'What happened to me ...?'
Kettle on, sunshine, this is a biggie.
Getting nostalgic over old photos can be great, but it can sometimes take us to uncomfortable places. Seeing ourselves younger, full of hope and expectation, can downright hurt if life has taken us down some challenging paths … and whose life hasn’t?
Many of us shelve our hopes and dreams to get by in the world. We may have to earn our crust in a toxic work environment that eats at our self-esteem; we may be expected constantly to put others first in our relationships; or find it difficult to connect; we may be in an abusive situation, where ignoring our own needs makes for a quieter life, if only temporarily. So we learn to cope, and adapt, and compromise. All of which are admirable, resilient qualities to have, but if this is the dominant pattern of our life then one day we may find ourselves wondering what happened. We might look in the mirror and see a flat, faded version of ourselves looking back … one which earns a wage, picks up the groceries, makes the dinner and schmoozes the bank manager … but one where joy, and curiosity, and playfulness, and a sense of adventure have all but drained away. We’re living a life of miserable familiarity ... of quiet desperation. It may even be that we’ve moved jobs, left bad relationships, but the mental patterns that got us by still dominate … they’re still trying to keep us going, keep us safe. We continue on in survive, not thrive mode (see my earlier post, Surviving ... or Thriving?). It can be a saddening realisation.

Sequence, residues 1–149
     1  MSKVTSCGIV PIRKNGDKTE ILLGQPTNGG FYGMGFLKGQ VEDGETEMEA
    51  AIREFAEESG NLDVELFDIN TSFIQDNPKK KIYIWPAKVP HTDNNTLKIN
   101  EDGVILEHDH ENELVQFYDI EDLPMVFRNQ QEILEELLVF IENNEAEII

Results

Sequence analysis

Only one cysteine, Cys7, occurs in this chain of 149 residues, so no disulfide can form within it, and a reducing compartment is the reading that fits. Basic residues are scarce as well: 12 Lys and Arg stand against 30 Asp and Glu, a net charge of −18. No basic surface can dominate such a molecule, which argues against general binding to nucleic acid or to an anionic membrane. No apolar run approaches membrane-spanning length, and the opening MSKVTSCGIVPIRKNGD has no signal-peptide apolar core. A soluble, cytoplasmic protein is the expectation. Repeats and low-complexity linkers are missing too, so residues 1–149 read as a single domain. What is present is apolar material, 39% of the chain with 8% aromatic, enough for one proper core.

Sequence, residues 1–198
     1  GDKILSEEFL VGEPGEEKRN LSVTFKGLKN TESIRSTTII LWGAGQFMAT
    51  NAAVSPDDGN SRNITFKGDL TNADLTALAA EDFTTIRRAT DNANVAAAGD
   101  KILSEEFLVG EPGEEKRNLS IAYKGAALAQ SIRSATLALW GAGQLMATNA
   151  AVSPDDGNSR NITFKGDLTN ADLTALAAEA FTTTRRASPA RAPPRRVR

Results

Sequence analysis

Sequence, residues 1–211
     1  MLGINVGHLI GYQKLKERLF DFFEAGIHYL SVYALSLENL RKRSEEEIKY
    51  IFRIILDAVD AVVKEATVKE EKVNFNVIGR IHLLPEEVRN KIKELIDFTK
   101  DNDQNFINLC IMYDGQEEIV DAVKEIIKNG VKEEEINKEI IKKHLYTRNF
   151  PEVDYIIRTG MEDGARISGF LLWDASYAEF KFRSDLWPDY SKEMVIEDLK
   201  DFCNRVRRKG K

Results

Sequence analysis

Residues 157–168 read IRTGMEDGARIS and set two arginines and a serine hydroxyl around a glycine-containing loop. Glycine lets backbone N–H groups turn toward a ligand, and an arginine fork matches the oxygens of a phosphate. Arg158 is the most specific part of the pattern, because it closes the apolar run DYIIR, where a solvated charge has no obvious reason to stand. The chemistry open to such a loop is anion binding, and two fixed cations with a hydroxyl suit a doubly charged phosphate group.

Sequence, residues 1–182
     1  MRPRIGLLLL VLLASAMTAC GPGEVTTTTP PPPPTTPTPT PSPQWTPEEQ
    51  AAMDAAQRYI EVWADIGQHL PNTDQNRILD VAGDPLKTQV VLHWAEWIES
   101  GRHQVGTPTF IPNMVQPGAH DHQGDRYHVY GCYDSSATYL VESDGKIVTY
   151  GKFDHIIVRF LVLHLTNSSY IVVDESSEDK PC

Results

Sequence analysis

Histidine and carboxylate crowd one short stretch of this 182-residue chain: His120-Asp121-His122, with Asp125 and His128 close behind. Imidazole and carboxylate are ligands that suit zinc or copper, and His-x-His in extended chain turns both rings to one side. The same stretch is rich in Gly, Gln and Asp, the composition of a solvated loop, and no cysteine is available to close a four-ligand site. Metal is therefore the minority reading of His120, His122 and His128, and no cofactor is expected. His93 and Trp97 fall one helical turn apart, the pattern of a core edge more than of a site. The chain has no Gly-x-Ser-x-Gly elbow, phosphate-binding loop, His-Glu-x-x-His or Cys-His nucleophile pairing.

I’m guessing that if you’ve read this far, this may resonate for you … and your self-awareness is a powerful first step to changing things for the better! Thing is, if we set about getting to a better place by willpower alone, we more than likely won’t make it … willpower is situated in a part of the brain that tires easily, so we may hit the ground running, making positive changes, but when life doesn’t suddenly fall into place, we fall back into old unhelpful coping strategies … and feel worse than ever. So to stand a fighting chance, we need to get an indefatigable part of our brain on board … our emotions. If we are emotionally committed to change then we stand a much better chance of succeeding, even when there are barriers on the way. Having the support of a therapist can help … you’ll find a safe space to open up about how you’re feeling and explore better ways forward. In hypnotherapy, trance work will then access your subconscious to get your whole brain engaged in making those best hopes a reality. There are always things we can’t change in life … but you might be surprised at the ways forward your coping, adaptable, compromising brain finds to get you to a better place, given the chance!